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bank rivalry UBS and Deutsche Bank asset managers in ‘serious’ merger talks

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UBS was the world’s largest asset manager 12 years ago before a dramatic decline after the financial crisis.

(© Keystone / Gaetan Bally)

The asset management arms of Deutsche Bank and UBS are in serious talks to merge, according to people close to the discussions, in a deal that would create a new European champion in the investment industry.

The discussions about a deal have been taking place “for a couple of months”, one of the people said. If completed, the merged asset manager would leapfrog France’s Axa and the UK’s Legal & General and create a rival to France’s Amundi, Europe’s largest money manager with just over €1.4tn under management.


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One structure being considered would see UBS hive off its asset management unit, which oversees €700bn, and fold it into Deutsche’s DWS in exchange for shares in the larger group. DWS, which is 79 per cent-owned by Deutsche, has €662bn of assets under management. The German bank would remain the company’s top shareholder but its interest would be diluted.

A DWS and UBS asset management combination would be better able to compete with BlackRock and Vanguard, the US giants of the investment world that have combined assets of $11.7tn.

Deal activity in the fund sector is expected to be strong in 2019 as the biggest groups — those with at least $1tn in assets — win the bulk of new business inflows and leave smaller rivals struggling.

UBS was the world’s largest asset manager 12 years ago before a dramatic decline after the financial crisis. A tide of investor outflows during much of the past decade saw the business drop to 16th spot globally last year in a ranking compiled by Willis Towers Watson, the investment consultancy.

DWS has attracted other suitors. Allianz, Germany’s largest insurance group, has been looking at a potential bid for the business, according to a person briefed on the matter. Other potential partners include Amundi, which is close to completing the integration of the €3.5bn acquisition of Italy’s Pioneer, and multi-boutiques Natixis Investment Managers and Generali.

DWS is listed as “partnership limited by shares”, or KGaA — a structure that gives Deutsche Bank special voting rights as long as it holds a stake of at least 40 per cent. For now, Deutsche can replace DWS’s executive board without consulting other shareholders.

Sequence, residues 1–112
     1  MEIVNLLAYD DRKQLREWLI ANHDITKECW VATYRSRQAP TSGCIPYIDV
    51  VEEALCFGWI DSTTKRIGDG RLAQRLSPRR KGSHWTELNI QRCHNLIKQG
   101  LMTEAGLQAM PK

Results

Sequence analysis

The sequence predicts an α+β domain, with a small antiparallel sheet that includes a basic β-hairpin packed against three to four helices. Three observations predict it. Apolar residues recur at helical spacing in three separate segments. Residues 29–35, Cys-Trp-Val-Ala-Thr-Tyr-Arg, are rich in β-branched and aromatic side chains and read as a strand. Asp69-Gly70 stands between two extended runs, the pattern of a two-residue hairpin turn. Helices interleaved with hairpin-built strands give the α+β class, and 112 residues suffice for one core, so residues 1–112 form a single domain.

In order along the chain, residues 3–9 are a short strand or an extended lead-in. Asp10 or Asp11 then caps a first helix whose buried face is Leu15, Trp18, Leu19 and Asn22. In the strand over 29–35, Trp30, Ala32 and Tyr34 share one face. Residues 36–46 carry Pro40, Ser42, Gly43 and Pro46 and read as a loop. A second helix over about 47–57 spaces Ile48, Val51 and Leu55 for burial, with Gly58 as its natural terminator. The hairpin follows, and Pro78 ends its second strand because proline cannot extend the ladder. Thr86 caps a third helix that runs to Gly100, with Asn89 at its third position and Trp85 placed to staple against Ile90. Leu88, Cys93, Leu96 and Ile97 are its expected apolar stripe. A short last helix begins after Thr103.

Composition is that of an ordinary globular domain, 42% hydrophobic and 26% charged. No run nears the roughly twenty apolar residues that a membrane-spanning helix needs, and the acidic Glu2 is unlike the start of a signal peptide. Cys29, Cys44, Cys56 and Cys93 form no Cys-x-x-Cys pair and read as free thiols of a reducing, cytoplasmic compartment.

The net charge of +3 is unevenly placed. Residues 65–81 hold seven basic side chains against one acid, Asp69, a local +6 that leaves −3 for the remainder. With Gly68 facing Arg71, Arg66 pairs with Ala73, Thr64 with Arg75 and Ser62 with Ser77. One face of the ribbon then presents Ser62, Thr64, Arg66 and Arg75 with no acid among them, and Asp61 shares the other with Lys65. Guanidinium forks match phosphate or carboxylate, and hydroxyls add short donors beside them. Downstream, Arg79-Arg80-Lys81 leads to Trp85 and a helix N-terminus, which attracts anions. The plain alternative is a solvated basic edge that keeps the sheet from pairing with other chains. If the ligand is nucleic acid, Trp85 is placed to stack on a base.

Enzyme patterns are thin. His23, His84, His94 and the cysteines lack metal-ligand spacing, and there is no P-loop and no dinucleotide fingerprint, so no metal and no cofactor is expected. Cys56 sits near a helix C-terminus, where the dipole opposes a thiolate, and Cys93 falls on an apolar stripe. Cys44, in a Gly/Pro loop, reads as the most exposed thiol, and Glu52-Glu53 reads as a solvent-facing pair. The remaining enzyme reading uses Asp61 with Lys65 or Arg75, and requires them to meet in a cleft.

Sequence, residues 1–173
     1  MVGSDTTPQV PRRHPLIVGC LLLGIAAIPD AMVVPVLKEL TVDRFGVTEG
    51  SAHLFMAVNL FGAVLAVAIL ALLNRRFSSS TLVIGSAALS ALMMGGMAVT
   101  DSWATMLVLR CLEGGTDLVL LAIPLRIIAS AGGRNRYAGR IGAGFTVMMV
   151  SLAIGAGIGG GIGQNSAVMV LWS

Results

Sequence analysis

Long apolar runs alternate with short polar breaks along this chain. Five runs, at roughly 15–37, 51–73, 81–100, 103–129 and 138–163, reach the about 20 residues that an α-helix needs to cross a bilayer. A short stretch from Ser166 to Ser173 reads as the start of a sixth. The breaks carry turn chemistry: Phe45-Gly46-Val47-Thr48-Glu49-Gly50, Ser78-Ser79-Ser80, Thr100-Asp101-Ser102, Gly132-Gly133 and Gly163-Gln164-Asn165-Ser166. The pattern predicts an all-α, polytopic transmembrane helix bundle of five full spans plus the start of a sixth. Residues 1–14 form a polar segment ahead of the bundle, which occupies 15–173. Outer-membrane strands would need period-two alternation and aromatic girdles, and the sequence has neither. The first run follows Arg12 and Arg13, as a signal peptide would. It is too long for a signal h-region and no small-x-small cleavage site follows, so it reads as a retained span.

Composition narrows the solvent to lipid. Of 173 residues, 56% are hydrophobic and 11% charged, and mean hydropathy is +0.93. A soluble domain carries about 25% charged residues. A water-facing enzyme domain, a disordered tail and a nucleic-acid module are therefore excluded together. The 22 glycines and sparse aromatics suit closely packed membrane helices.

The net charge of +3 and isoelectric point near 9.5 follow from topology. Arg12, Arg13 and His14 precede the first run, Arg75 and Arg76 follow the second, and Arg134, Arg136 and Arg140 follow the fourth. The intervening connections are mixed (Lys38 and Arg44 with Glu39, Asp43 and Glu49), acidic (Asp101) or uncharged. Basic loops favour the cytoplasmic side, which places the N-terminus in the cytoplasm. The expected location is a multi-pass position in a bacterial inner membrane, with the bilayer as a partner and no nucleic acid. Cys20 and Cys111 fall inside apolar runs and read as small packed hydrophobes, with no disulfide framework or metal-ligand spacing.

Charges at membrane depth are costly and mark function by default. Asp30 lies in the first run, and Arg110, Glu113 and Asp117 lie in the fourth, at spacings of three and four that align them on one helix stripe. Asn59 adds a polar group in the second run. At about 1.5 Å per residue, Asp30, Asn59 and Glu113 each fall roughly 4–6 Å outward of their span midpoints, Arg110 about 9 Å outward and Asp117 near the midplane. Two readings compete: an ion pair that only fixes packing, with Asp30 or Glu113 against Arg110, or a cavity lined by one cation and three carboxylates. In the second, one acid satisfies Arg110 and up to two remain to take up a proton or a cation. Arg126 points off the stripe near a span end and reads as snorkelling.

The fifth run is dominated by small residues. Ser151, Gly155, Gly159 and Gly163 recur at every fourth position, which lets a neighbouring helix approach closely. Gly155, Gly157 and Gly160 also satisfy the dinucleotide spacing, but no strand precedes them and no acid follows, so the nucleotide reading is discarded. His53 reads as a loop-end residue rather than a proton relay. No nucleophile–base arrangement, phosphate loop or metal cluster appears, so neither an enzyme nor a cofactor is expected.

All of the people close to the talks cautioned that a deal was not guaranteed and a deal announcement was not imminent. Earlier this month, Bloomberg reported that UBS has considered a number of scenarios for combining its asset management arm with DWS.

Shares in DWS have climbed about 35 per cent to €31.78 since the start of the year, giving it a market value of €6.42bn. Despite the rally, the shares still trade slightly below their book value on Deutsche Bank’s balance sheet, of about €32.50 a share.

The talks come as DWS has emerged as one of the crown jewels in Deutsche Bank’s portfolio at a time it is holding its own merger discussions with the country’s number two lender, Commerzbank.

People familiar with Deutsche’s internal discussions have previously told the Financial Times that an outright sale of DWS was “not seriously considered”, as it would contradict chief executive Christian Sewing’s commitment to wean Deutsche off fickle investment banking revenue and to increase earnings from stable sources such as retail banking and asset management.

A minority stake in DWS was listed at the Frankfurt stock exchange in March last year in an attempt to decouple the asset manager from its parent’s negative newsflow and to increase the management’s focus.

However, just four months after its initial public offering, DWS ditched its growth target of increasing assets under management by 3- 5 per cent a year. In fact, they fell 5.4 per cent to €662bn in 2018.

Asoka Woehrmann, chief executive of DWS, told the FT in March he wanted to be an active participant in M&A activity. “Our size and scale is not something we should hide,” he said. “We have to look at opportunities in the market.” However, he added that DWS first needed to improve its position.

DWS suffered €22bn of investor outflows last year, which Mr Woehrmann attributed to the one-off effect of redemptions related to US tax reform, retail fund sales growth being muted by the introduction of the new Mifid II regulations and several large insurance mandate withdrawals.

Copyright The Financial Times Limited 2019

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